Hattiesburg Clinic is one of only 89 sites chosen to participate in a clinical research trial that will investigate a potential vaccine for COVID-19 through its MediSync Clinical Research program.
The study, which is sponsored by biotechnology company Moderna, is designed to test how safe and effective the study vaccine is at preventing illness after someone is exposed to the SARS-CoV-2 virus, and will recruit Hattiesburg Clinic patients from across south Mississippi to enroll in the trial.
“We’re quite honored, and we’re quite proud that we can bring this level of innovation to our community,” said Dr. Rambod Rouhbakhsh, who serves as faculty physician and program director at the Forrest General Hospital Family Medicine Residency Program. “This represents just a piece of what the clinic has done since the pandemic began.
“It’s important to know that after we diagnosed the very first case in the state on a Thursday, the discussion was had on Saturday to devise a brand-new clinic to help take care of patients. Six days later, the Cough & Fever Clinic became what is now the regional referral center of COVID-suspected cases. Without that piece of innovation, the rest of the clinic could not function as it normally does.”
Rouhbakhsh said this trial is the clinic’s attempt at the prevention side of the COVID-19 pandemic.
“We’re very pleased to be involved in the latest Phase III trial, which means our community will have access to this as early as any other community in the world,” he said. “This is the Moderna vaccine that you have heard so much about in the news.
“It’s a novel RNA messenger vaccine that’s designed to not only be efficacious with lower side effects, but to be able to be ramped up very, very quickly so that we can get many billions of those out around the world if this winds up being a efficacious treatment.”
Enrollment for the trial will begin in early August, and officials are relying on the physicians’ internal network to understand the inclusion and exclusion criteria for patients. Individuals interested in the enrollment process can visit https://bit.ly/30ese0wor call (601) 544-1866.
“This study is focused on the critically-needed vaccine recipients, so we’re preferentially looking at those that are high risk – older patients and those with (underlying) illnesses,” Rouhbakhsh said.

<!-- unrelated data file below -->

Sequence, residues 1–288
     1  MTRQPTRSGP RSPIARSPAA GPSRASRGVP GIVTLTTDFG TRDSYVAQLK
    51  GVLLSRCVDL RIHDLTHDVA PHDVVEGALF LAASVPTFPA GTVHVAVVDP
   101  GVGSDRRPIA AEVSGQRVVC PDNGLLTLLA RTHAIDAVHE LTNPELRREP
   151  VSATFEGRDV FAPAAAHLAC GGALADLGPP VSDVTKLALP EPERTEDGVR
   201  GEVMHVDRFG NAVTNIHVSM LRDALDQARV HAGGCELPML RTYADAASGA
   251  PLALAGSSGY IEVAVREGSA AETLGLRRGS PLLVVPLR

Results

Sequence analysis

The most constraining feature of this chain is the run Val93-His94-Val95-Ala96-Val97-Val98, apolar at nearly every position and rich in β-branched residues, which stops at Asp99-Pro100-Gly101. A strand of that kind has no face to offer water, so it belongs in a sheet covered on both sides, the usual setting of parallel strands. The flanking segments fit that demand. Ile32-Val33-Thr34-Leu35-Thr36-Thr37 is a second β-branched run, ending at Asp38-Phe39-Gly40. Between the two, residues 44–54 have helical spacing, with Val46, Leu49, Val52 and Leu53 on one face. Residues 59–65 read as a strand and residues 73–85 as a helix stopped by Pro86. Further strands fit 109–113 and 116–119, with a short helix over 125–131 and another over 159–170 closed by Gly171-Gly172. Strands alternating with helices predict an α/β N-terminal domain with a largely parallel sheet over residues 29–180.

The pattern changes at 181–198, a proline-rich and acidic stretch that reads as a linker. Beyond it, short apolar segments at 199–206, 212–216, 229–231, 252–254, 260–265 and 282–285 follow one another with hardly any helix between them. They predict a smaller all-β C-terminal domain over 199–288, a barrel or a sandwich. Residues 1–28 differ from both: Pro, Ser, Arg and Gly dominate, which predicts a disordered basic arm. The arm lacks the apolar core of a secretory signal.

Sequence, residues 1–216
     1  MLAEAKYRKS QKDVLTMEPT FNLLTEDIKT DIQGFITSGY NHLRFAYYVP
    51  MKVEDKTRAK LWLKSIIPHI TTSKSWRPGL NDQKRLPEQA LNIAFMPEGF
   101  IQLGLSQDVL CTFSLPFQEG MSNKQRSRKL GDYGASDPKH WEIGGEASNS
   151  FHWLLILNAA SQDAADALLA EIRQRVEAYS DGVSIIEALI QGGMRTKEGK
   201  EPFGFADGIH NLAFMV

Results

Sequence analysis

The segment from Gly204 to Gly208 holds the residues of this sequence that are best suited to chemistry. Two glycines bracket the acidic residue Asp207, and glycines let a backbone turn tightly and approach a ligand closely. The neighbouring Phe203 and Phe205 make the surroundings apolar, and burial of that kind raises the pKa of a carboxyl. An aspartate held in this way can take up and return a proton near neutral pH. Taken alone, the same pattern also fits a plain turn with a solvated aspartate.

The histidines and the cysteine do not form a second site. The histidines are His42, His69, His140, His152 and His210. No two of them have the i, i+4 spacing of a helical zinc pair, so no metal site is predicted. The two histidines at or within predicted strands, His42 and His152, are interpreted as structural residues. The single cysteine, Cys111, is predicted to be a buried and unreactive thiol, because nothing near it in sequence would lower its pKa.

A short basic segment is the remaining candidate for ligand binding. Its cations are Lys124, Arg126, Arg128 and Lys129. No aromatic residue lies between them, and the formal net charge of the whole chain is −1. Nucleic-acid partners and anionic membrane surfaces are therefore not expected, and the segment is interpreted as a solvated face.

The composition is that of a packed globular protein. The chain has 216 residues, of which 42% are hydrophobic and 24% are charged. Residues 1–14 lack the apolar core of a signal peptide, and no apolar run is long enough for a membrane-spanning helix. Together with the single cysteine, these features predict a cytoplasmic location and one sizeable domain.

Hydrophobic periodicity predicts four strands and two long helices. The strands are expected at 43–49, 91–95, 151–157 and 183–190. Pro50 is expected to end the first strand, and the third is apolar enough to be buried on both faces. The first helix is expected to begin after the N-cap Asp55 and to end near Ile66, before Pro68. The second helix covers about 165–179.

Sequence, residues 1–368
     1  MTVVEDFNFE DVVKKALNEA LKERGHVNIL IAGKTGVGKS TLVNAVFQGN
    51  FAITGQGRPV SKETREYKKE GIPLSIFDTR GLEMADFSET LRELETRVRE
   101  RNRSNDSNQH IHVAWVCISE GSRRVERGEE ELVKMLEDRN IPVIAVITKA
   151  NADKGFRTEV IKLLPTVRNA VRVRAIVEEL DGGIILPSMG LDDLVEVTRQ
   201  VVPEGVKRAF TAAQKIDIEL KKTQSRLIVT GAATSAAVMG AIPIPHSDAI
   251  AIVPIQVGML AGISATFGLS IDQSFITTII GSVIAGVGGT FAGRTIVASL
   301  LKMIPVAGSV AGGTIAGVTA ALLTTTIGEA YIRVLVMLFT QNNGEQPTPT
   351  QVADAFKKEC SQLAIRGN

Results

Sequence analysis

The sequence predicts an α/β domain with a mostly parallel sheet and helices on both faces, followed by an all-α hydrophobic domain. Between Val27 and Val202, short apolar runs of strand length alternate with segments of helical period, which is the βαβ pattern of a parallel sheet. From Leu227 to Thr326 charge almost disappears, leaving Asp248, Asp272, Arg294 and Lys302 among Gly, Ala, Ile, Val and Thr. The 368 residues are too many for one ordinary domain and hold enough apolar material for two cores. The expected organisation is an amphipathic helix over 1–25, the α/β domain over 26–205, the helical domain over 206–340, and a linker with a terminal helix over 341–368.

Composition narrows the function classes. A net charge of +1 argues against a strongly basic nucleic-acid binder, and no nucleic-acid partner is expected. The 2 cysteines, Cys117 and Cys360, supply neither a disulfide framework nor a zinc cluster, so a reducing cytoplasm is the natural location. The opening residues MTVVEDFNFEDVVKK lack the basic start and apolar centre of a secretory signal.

Because the trial will be so large and will rapidly enroll patients, officials are looking for other doctors who would be willing to volunteer their time to participate in the study.
“I’ve been fortunate enough that I work in an academic setting here at the residency program, and many of my faculty colleagues have already volunteered some of their own off time to participate as investigators,” Rouhbakhsh said.
Because the study is a randomized, placebo control trial, the participants and investigators will not know which group is getting the placebo and which group is getting the investigational medication. Doctors will follow patients for the duration of the trial to monitor their symptoms and response to the investigational drug.
“That information is processed centrally at Moderna to purposefully keep the investigators blinded, so we don’t treat the individual study participants any differently,” Rouhbakhsh said. “Once Moderna gets data … if that data is so compelling, and it shows that it’s so effective, we could potentially end this trial early. It would be unethical to continue with it and deny the group of placebo patients the access to this investigational trial.”
Rouhbakhsh said the trial probably won’t end until the early part of 2021 at best.
“You have to bear in mind that if we give the vaccine to one group and the placebo to the other, we then send both groups out into the world and see what becomes of them,” Rouhbakhsh said. “The placebo group will have to get the illness for us to know that there’s a difference between that and the investigational arm, and that takes time.
“Unfortunately, in America, we have a lot of cases, and so the likelihood of getting this illness is quite high if you don’t have the vaccine. So we may get that data sooner rather than later, but it will take some time.”